Another obstacle is that the sorting process at a large MRF is already very complex and requires a heavy investment in equipment. The waste stream typically goes through a “glass breaker screen” that shatters glass and collects the shards; a series of rotating rubber stars to pull out two-dimensional objects, collecting paper and cardboard; a system of magnets and eddy currents to attract or repel different metals; and finally, a series of optical sorters that use infrared spectroscopy to identify the various types of plastics, then blow them down different chutes with jets of air. MRFs won’t be interested in adopting additional sorters unless they’re inexpensive and easy to fit into this elaborate stream.
“We’re interested in creating something that could be retrofitted into current technology and current infrastructure,” Hocken says.
“Recycling is a really good example of where pre-competitive collaboration is needed,” says Jennifer Park, collective action manager at The Sustainability Consortium (TSC), who has been working with corporate stakeholders on small format recyclability and helped convene the sponsors of this project and organize their contributions. “Companies manufacturing these products recognize that they cannot shift entire systems on their own. Consistency around what is and is not recyclable is the only way to avoid confusion and drive impact at scale.
“Additionally, it is interesting that consumer packaged goods companies are sponsoring this research at MIT which is focused on MRF-level innovations. They’re investing in innovations that they hope will be adopted by the recycling industry to make progress on their own sustainability goals.”
Hocken believes that, despite the challenges, it’s well worth pursuing a technology that can keep small-format plastics from slipping through MRFs’ fingers.
“These are products that would be more recyclable if they were easier to sort,” she says. “The only thing that’s different is the size. So you can recycle both your large shampoo bottle and the small travel-size one at home, but the small one isn’t guaranteed to make it into a plastic bale at the end. If we can come up with a solution that specifically targets those while they’re still on the sorting line, they’re more likely to end up in those plastic bales at the end of the line, which can be sold to plastic reclaimers who can then use that material in new products.”
“TSC is really excited about this project and our collaboration with MIT,” adds Park. “Our project stakeholders are very dedicated to finding a solution.”
To learn more about this project, contact Christopher Noble, director of corporate engagement at the MIT Environmental Solutions Initiative.
In spring 2021, the MIT Environmental Solutions Initiative (ESI) created the ESI Journalism Fellowships to support journalists from around the United States in creating deeply reported news projects for local newsrooms on the impacts of climate change, and the transition to a clean economy, in their readers’ own regions and communities.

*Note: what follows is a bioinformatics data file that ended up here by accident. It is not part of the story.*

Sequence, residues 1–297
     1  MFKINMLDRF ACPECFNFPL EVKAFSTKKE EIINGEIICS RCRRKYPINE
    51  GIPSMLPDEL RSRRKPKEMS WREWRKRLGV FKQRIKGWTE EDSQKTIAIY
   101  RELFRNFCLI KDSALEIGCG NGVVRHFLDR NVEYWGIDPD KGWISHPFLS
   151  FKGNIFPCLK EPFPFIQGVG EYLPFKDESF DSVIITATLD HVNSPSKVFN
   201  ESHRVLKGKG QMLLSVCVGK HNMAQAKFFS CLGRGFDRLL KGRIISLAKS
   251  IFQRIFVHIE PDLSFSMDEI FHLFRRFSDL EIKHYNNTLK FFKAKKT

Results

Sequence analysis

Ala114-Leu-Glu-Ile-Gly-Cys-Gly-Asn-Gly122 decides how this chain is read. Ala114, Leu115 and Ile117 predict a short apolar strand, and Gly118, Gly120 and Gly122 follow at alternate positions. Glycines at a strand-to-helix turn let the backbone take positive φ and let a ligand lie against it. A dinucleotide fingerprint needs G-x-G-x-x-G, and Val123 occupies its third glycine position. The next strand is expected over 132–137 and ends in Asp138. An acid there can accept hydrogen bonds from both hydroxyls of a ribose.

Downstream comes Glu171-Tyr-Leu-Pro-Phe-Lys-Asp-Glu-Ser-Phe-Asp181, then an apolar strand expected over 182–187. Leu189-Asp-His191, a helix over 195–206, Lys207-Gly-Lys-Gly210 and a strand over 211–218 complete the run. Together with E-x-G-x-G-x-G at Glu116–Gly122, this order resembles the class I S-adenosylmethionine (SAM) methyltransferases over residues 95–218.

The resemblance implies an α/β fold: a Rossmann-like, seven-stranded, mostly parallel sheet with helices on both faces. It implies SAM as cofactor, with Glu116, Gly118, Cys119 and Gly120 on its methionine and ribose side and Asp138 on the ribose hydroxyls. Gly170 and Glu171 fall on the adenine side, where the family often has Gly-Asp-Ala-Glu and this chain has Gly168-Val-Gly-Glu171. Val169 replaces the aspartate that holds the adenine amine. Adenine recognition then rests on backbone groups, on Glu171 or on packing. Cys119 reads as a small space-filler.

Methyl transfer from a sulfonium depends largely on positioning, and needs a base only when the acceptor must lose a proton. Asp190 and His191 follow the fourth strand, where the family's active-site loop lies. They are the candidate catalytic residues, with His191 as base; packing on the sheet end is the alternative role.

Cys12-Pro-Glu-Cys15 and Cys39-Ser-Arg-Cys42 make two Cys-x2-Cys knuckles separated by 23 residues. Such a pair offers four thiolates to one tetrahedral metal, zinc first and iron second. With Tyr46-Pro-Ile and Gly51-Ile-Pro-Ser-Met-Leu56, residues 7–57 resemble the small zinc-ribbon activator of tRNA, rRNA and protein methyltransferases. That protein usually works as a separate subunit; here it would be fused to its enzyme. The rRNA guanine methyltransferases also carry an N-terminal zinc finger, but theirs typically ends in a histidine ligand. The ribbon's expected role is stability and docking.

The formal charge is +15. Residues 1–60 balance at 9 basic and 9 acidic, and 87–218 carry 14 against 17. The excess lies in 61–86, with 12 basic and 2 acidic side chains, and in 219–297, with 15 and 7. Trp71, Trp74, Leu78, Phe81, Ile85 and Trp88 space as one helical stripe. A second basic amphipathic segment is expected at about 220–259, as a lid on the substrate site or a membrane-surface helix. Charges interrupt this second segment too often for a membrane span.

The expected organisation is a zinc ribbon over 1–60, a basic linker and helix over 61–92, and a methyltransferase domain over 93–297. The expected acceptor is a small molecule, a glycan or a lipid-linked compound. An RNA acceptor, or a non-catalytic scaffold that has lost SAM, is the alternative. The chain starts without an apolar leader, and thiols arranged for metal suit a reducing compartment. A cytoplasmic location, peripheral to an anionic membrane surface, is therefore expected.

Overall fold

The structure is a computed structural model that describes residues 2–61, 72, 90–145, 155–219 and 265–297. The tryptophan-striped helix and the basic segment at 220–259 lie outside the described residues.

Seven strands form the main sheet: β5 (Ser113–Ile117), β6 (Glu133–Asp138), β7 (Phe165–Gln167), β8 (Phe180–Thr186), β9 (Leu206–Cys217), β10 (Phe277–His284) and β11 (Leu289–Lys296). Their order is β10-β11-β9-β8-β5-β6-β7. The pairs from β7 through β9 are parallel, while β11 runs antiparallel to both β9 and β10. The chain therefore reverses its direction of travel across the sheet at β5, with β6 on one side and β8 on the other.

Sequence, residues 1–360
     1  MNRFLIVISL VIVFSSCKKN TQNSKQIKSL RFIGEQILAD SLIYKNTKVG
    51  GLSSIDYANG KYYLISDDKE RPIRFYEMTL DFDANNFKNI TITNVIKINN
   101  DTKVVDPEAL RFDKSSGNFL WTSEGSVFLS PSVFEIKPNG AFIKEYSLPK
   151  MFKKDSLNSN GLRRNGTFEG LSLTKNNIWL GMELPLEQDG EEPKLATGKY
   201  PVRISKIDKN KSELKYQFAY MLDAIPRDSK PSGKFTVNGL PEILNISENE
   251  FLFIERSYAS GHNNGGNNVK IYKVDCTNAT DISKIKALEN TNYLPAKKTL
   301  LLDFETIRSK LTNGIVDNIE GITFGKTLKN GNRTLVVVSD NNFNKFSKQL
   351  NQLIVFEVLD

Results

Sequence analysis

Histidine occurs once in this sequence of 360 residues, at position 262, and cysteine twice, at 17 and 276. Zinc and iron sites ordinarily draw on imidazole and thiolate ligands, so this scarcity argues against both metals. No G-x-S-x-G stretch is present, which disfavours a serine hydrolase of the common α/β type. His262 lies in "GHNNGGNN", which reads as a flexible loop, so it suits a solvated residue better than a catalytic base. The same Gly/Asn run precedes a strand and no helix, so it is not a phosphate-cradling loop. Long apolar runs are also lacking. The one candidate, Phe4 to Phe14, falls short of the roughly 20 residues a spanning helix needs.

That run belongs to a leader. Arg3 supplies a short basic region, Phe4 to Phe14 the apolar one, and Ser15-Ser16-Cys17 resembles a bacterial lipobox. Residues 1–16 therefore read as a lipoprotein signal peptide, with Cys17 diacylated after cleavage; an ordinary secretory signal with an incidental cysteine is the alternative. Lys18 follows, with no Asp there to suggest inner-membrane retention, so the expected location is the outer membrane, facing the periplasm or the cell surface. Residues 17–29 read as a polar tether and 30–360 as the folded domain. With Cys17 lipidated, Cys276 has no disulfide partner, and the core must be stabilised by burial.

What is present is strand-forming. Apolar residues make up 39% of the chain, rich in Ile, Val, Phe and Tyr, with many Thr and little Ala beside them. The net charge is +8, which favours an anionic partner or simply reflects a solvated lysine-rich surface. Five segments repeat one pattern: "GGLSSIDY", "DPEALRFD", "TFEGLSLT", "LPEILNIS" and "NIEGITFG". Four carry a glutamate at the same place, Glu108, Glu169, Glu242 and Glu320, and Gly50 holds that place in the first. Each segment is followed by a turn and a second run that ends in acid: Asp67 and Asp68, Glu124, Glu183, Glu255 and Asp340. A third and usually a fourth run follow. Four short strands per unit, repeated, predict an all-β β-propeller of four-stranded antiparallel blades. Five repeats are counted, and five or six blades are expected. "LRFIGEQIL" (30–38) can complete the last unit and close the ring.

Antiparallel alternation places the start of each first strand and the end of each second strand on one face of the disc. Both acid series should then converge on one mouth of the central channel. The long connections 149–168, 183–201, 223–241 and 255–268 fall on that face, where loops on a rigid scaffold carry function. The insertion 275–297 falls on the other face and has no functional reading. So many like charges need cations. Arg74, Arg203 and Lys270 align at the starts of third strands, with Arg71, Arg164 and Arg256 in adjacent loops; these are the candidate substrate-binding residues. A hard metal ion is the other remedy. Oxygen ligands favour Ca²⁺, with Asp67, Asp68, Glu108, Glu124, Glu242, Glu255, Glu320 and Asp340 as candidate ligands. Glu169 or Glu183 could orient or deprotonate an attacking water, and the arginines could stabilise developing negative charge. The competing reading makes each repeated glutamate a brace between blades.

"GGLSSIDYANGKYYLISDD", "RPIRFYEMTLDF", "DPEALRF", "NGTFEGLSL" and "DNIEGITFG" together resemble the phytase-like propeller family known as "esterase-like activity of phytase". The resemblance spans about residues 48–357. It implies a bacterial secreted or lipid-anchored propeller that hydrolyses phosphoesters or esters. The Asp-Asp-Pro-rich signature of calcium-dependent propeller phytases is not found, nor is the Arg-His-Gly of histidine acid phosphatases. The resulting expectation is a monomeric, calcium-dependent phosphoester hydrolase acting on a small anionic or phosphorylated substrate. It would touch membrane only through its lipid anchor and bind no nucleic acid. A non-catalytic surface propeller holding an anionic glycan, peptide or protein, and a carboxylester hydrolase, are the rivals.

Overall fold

Today, we are pleased to announce our second class of ESI Journalism Fellows. These five outstanding reporters span the country from New England to the Southwest, bringing local perspectives, values and angles to the big story of our changing climate. With support from their newsrooms, ESI and MIT, our new Fellows will spend the coming months reporting out longform or serial projects for publication this year.
Our 2023 Journalism Fellows are:
The ESI Journalism Fellowships were created to provide additional resources, scientific expertise and reporting time to the local journalists and newsrooms who know their audiences best, for high-impact climate news projects that touch directly on their readers’ lives and experiences. You can read more about our first class of Journalism Fellows and their projects in our 2021 Impact Report, or learn more about the Fellowship and our new cohort of reporters on the ESI website.
The MIT Environmental Solutions Initiative (ESI) has partnered with SubjectToClimate to introduce a help desk called “ClimateSocrates.”
ClimateSocrates is an interactive support center that offers up to date information about climate science and pedagogical strategies. Teachers searching for lessons plans and other climate education materials from SubjectToClimate can find content in a simple chatbot interaction, which will address common foundational questions on climate change so that they feel ready to teach the topic and answer their students’ questions in class. Content is sourced from the MIT Climate Portal, an ESI project that provides short, easy-to-read explainers and answers on important climate topics with the support of MIT faculty, researchers, and other subject matter experts.
On December 14th, 2022, the Environmental Solutions Initiative launched the MIT-ESI Climate Justice Program at an afternoon workshop with MIT faculty and staff. Led by myself and ESI Director John Fernandez, workshop participants explored how to develop an Institute-wide, cross-disciplinary, engaged research and teaching agenda focused explicitly on urgent topics related to climate justice. The workshop served as a first opportunity to articulate the program’s core commitments, brainstorm priority pilot projects, identify funding needs and pathways for funding, and lay the groundwork for near and long-term collaborations.
ESI’s Climate Justice Program is grounded in a commitment to partner with communities most impacted by climate change and the transition to a decarbonized society. The program will include perspectives from a wide range of stakeholders and rights holders including various Indigenous, Afro-descendant, and historically marginalized communities.